‘Long haulers:’ UW Health expert shares latest on post-acute COVID-19 syndrome

According to Dr. Pop-Vicas, there are two main categories of “long haulers.”
Published: Feb. 19, 2021 at 5:32 PM CST
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MADISON, Wis. (WMTV) - UW Health expert Dr. Aurora Pop-Vicas is offering the latest information on COVID-19 ‘long haulers’—people who have recovered from the virus, but have chronic symptoms that continue for months.

Health experts are still learning about the phenomenon, which is scientifically known as “post-acute COVID-19 syndrome.” Dr. Pop-Vicas, an infectious disease specialist at UW Health, shared what experts know so far:

Who is most likely to get post-acute COVID-19 syndrome?

According to Dr. Pop-Vicas, there are two main categories of “long haulers.” The first category includes patients who have been hospitalized for a significant amount of time in the ICU. These patients have “greatly impaired function” after being on prolonged life support, and could also be recovering from severe complications caused by COVID-19. These complications can include strokes, blood clots, cardiovascular disease, or other related organ damage.

The second category includes patients who had a mild case of COVID-19, not requiring hospitalization or medical treatment, and have developed new or reoccurring symptoms that persist for months after infection. Many of these patients are young and previously healthy individuals, according to Dr. Pop-Vicas.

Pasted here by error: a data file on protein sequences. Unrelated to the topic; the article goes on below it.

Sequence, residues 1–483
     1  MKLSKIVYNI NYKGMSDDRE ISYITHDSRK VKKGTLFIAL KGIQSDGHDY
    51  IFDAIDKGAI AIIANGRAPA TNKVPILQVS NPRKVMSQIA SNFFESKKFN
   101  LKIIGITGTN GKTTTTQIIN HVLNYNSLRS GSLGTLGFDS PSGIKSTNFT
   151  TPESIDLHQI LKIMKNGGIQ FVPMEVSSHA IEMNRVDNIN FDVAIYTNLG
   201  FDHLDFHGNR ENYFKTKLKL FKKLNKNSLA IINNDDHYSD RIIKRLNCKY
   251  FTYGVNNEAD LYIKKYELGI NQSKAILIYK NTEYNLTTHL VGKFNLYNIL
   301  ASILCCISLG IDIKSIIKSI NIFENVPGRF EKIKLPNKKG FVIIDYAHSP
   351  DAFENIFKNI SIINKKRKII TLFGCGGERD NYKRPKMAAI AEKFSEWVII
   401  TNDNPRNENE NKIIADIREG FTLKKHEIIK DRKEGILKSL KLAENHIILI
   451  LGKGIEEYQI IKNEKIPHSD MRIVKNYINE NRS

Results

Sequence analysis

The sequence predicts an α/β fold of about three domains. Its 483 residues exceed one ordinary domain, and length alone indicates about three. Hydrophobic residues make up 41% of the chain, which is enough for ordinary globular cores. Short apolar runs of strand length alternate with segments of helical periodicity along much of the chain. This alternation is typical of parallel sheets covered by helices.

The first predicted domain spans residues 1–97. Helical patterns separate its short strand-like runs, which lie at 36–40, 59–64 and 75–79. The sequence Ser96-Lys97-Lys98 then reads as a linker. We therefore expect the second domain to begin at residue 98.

What are the most common symptoms of post-acute COVID-19 syndrome?

Experts have noted that fatigue or generalized muscle weakness is the most common post-COVID-19 symptom reported in their studies. Shortness of breath, palpitations, sleeping difficulties, anxiety, depression, joint pain, chest pain, altered smell or taste, headaches, brain fog are also common.

“Not surprisingly, these symptoms significantly impair quality of life and can make normal activities very challenging,” Dr. Pop-Vicas said in a release.

How common is post-acute COVID-19 syndrome?

According to studies on patients who were hospitalized for COVID-19, 75 percent reported at least one symptom persisting six months after infection.

Additionally, studies revealed one out of every five patients showed evidence of decreased lung function six months later, even if they did not need oxygen during their hospitalization,.

Though, the studies also showed post-acute COVID-19 syndrome is less common in with mild cases of COVID-19 and did not require hospitalization. According to reports from large population-based studies, an estimated 10-20 percent of these patients develop “long-haul COVID.”

Why does post-acute COVID-19 syndrome happen?

Experts are still researching the reasons behind post-acute COVID-19 syndrome. Dr. Pop-Vicas said some believe it is due to an over-reactive immune response to the virus. Another reason could be persistent inflammation after initial infection.

What is the treatment of post-acute COVID-19 syndrome?

Experts have not yet identified a specific treatment for COVID-19 “long haulers.”

“Pending more research, treatment would be determined based on the patient’s individual symptoms and condition,” Dr. Pop-Vicas said in a release

Patients with new or worsening COVID-19 symptoms should be medically evaluated to rule out anything serious or life-threatening. They should also be referred to specialty clinics if needed for an individualized rehabilitation plan, according to Dr. Pop-Vicas.

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